Earlier this year, a survey by the National Association of Manufacturers (NAM) revealed that manufacturers were expecting that the pandemic would have financial and operational repercussions. It did, and now manufacturing companies are also facing supply chain disruptions and a whole host of other unique problems.
Keeping Up with Demand-related Issues
Despite the global pandemic, demand is still increasing for manufacturers. For startups, not having the tools and equipment to deal with the increasing demand can hurt your company goals. If you own a startup and face higher demand than usual, you will have to decide whether to move or expand.
Before scaling up, consider asking yourself these:
- How much will you spend on new equipment?
- Is there a need to build a new facility?
- Will there be complications when adding new tools?
Being able to increase your capacity within your budget can help you keep up and even exceed demand-driven manufacturing work. One solution is to make the best out of automation. If you haven’t used robotics or AI (Artificial Intelligence) for your manufacturing business, now is the right time to explore your options.
The IoT (Internet of Things) is now becoming increasingly common in the manufacturing industry. Manufacturers can streamline processes using smart devices embedded with intelligence, such as collaborative robots. Furthermore, implementing automation technologies as in smart factories or Industry 4.0 will enable your business to:
- Gather real-time data for predictive maintenance
- Monitor equipment performance safely
- Identify possible issues before malfunctions occur
- Help technicians see and resolve problems before arriving at the job site
With these capabilities combined, IoT-enabled devices can easily keep production on track. In effect, your company can reduce costs, enhance efficiency, and increase capacity.
In addition to IoT, cobots, and AI, you might also want to utilize 3D printing for faster and cheaper production. Innovations in 3D printing have come a long way, and now, they are able to support prototyping. This doesn’t only let you produce items on demand; this is also beneficial for testing and troubleshooting new products cost-efficiently.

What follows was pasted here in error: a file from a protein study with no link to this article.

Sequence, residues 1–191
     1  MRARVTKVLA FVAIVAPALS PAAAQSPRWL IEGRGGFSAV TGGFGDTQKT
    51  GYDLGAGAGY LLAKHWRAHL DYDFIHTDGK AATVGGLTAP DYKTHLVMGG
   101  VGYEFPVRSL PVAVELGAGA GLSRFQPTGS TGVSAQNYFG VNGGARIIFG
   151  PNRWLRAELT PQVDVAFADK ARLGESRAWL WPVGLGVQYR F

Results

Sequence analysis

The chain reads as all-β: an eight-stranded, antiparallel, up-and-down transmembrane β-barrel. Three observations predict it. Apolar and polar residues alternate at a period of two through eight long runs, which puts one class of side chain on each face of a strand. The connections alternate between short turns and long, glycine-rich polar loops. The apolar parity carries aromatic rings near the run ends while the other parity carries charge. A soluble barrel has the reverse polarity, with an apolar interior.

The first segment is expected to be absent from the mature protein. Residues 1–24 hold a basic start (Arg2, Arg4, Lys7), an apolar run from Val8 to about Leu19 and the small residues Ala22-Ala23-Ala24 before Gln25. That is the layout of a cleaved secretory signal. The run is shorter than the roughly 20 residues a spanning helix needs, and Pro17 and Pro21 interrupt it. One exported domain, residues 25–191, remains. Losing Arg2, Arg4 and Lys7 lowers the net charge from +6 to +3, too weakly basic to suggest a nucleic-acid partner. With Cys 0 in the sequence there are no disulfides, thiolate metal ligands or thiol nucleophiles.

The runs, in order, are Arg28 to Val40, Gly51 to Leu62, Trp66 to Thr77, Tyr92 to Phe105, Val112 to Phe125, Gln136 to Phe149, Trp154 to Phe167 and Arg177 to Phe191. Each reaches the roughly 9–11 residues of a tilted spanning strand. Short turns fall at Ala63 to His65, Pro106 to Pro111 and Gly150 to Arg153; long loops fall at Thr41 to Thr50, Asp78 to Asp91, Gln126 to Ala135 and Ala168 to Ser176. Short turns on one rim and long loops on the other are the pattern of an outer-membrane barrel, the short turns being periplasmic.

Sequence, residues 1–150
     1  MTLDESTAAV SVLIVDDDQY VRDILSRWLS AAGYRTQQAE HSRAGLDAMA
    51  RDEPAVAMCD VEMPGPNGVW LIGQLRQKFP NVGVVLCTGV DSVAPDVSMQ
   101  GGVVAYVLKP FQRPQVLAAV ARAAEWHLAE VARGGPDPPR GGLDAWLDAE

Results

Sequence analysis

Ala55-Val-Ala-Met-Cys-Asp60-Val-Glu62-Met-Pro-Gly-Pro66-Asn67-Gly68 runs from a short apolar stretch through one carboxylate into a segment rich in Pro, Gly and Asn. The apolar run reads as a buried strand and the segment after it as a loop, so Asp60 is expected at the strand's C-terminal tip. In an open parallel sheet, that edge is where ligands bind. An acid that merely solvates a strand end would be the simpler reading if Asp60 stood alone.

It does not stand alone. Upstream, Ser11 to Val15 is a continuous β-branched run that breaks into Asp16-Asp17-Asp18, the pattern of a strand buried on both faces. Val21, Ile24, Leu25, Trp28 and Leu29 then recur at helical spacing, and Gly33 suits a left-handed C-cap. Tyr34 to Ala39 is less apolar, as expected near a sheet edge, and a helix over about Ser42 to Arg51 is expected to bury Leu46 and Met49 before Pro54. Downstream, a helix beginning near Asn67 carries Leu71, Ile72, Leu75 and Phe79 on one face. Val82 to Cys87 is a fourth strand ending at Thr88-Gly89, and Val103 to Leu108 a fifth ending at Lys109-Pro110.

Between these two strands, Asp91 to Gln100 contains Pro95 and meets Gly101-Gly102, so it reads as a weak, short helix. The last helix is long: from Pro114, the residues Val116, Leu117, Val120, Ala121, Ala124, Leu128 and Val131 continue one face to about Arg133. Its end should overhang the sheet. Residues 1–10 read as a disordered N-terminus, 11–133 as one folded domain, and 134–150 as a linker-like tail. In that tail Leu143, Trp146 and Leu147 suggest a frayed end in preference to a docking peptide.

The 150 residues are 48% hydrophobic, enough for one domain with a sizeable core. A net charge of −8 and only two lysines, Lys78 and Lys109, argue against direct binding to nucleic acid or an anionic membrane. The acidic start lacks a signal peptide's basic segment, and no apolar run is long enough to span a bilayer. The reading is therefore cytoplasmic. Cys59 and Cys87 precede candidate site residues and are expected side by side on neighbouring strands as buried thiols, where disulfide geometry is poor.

Reshoring and Local Sourcing
Before the pandemic, reshoring was slowly becoming a common practice among manufacturers in the United States. Reports say that as many as 749,000 jobs were brought back to the country between 2010 and 2018 as a result of reshoring.
Today, the COVID-19 outbreak has revealed how the United States depends on offshore manufacturing. In between struggling economies and travel restrictions, it would be wise to renew reshoring efforts. Additionally, reshoring can address other problems such as:
- Increase of wages in offshoring countries, making offshoring expensive
- A lack of infrastructure that can support sophisticated operations in offshoring countries
- The rising cost of transportation
Furthermore, manufacturers cannot afford to be in the position of not having essential supplies. Disruptions in the supply chain have become an unfortunate reality for companies in the middle of the COVID-19 outbreak. That being said, repatriating manufacturing operations isn’t the only answer here; the pandemic also calls for manufacturers to reevaluate and diversify sourcing.
One strategy to ensure that sufficient supplies are in order is to opt for near-sourcing or local sourcing. By obtaining raw materials from domestic suppliers and reshoring your manufacturing operations, your startup can eliminate difficult dependencies and remain resilient to the pandemic-related disruptions. More importantly, bringing operations back home can boost the nation’s economy, especially in this uncertain time.
Remote Working and Employee Safety
To curb the spread of COVID-19, legislators implement shelter-in-place measures. This changed the workplace as we know it, with employees now working from home to keep themselves and their families safe from the viral disease. But not all jobs translate well into remote, home-office setups, and manufacturing is one example. Technicians still need to go to job sites, either to install equipment or conduct repairs.
Basic safety measures include using face masks, practicing physical distancing, and sanitizing the workplace. To go beyond that, you can also use assistive technology in the form of augmented reality (AR) and virtual reality (VR). This makes it possible for technicians to conduct contactless troubleshooting and repair services by walking customers through the process remotely.
Responding to the Reality
2020 is a year like no other. Now that we are halfway through it, it is high time for businesses to adapt to the pandemic’s realities. Fortunately, the digital age has offered a myriad of innovative technologies that the manufacturing industry can use. If your startup is facing several disruptions, exploring the benefits of IoT, AI, bots, and other tools can help your business thrive and compete.